Expression and clinical significance of MMP-9 and P53 in lung cancer.
      ].
      In the present study, we found that compared with that in the normal control tissues and cell lines, USP15 was highly expressed in NSCLC tumor tissues and cells. USP15 knockdown significantly reduced the proliferation and invasion of NSCLC cells by downregulating the expression of MMP3 and MMP9. In addition, results from the NSCLC animal models showed that USP15 knockdown inhibited NSCLC growth. High levels of USP15 and MMP3 expression were also associated with poor prognosis. Therefore, this study suggests that upregulation of USP15 is important for NSCLC pathogenesis by regulating the expression of matrix metalloproteinases, rendering USP15 to be a novel target for NSCLC treatment.

      Materials and methods

      Tissues

      NSCLC and healthy control tissues (30 cases, 14 male and 16 female) were collected from patients at The First Affiliated Hospital of Soochow University (Soochow, China) between Jan 2017 to Mar 2018. This project obtained the subjects’ written informed consent and institutional review board approval of The First Affiliated Hospital of Soochow University.

      Cells and plasmids

      The lung epithelial cell line BEAS-2B and lung cancer cell A549, were purchased from The Cell Bank of Type Culture Collection of The Chinese Academy of Sciences and maintained in DMEM (Hyclone, USA) supplemented with 10 % heat-inactivated fetal bovine serum (FBS; Invitrogen; Thermo Fisher Scientific, Inc., USA) and penicillin and streptomycin (100 μg/ml). Lung cancer cell H1299 were also purchased from The Cell Bank of Type Culture Collection of The Chinese Academy of Sciences and maintained in RPMI-1640 (Hyclone, USA) medium supplemented with 10 % FBS and penicillin and streptomycin (100 μg/ml). All cells were cultured at 37˚C in a humidified atmosphere of 5% CO2 and were confirmed to be free of mycoplasma contamination.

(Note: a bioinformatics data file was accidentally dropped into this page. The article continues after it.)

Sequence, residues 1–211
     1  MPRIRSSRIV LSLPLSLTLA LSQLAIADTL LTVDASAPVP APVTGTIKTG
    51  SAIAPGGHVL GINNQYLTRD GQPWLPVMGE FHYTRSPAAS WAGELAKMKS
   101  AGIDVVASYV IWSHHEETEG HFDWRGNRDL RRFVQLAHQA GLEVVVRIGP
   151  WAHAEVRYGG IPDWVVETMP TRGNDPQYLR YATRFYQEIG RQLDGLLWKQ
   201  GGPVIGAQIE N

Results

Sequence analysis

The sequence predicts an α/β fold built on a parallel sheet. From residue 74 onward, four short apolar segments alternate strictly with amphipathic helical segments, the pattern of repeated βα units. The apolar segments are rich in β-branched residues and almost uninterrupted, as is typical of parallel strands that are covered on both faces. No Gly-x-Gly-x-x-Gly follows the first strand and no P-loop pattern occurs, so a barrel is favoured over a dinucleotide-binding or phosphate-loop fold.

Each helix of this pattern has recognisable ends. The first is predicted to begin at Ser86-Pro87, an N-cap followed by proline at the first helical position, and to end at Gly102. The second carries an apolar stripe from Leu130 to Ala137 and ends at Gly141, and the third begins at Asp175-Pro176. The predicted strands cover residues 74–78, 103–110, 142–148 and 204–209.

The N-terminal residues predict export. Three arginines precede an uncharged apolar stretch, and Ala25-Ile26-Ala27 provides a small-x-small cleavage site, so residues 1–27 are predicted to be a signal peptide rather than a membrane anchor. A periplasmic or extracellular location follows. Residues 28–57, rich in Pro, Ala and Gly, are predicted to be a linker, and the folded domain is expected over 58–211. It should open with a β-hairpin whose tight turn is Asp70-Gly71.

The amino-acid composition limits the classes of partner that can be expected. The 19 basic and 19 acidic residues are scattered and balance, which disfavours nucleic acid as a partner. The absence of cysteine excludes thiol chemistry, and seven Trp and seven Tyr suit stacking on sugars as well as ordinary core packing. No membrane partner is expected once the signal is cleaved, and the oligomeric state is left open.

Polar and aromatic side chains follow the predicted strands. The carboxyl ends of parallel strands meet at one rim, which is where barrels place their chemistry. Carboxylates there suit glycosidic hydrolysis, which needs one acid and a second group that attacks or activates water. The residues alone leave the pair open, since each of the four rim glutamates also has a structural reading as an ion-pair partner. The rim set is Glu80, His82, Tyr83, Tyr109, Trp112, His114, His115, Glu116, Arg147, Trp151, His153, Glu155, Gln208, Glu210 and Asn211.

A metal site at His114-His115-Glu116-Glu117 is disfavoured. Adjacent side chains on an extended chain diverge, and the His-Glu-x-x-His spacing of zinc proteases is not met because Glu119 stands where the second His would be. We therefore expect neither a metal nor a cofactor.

The USP15 knockdown lentivirus was purchased from Hanyin Biotech, Co. Ltd. (Shanghai, china). To obtain stable cell lines, lentivirus supernatant was added to the NSCLC cells (MOI:10), followed by puromycin (1 μg/ml) selection after 2 weeks at 37˚C in a humidified atmosphere of 5% CO2.

      Immunofluorescence

      Immunofluorescence experiments were performed. The slides were fixed with 4 % paraformaldehyde and blocked with PBS containing 0.3 % TritonX-100 and 5 % bovine serum albumin (BSA) for 30 min. Antibodies were incubated at 4°C overnight. The slides were washed 6 times with PBST (PBS containing 0.3 % TritonX-100) for a total of an hour and incubated with secondary antibodies for 1 hour at room temperature. The samples were observed with a microscope (Nikon).

      Cell Counting Kit-8 (CCK-8) assay